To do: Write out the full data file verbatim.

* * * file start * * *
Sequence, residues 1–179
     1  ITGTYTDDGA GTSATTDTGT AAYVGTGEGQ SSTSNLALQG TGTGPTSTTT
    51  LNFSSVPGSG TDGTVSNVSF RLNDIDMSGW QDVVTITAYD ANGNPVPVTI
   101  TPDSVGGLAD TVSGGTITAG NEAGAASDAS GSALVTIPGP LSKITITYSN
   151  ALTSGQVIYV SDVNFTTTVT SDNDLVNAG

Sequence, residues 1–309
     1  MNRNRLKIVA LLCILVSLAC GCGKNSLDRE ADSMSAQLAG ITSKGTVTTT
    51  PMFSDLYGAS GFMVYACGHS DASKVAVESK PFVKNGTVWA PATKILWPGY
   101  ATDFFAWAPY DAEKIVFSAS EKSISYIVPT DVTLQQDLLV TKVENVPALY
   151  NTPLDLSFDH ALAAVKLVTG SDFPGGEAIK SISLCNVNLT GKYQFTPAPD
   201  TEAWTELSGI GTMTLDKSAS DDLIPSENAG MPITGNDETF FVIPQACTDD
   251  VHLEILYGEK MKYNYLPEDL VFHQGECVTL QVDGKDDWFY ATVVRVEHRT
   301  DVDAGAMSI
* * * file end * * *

Sequence, residues 1–179
     1  ITGTYTDDGA GTSATTDTGT AAYVGTGEGQ SSTSNLALQG TGTGPTSTTT
    51  LNFSSVPGSG TDGTVSNVSF RLNDIDMSGW QDVVTITAYD ANGNPVPVTI
   101  TPDSVGGLAD TVSGGTITAG NEAGAASDAS GSALVTIPGP LSKITITYSN
   151  ALTSGQVIYV SDVNFTTTVT SDNDLVNAG

Sequence, residues 1–309
     1  MNRNRLKIVA LLCILVSLAC GCGKNSLDRE ADSMSAQLAG ITSKGTVTTT
    51  PMFSDLYGAS GFMVYACGHS DASKVAVESK PFVKNGTVWA PATKILWPGY
   101  ATDFFAWAPY DAEKIVFSAS EKSISYIVPT DVTLQQDLLV TKVENVPALY
   151  NTPLDLSFDH ALAAVKLVTG SDFPGGEAIK SISLCNVNLT GKYQFTPAPD
   201  TEAWTELSGI GTMTLDKSAS DDLIPSENAG MPITGNDETF FVIPQACTDD
   251  VHLEILYGEK MKYNYLPEDL VFHQGECVTL QVDGKDDWFY ATVVRVEHRT
   301  DVDAGAMSI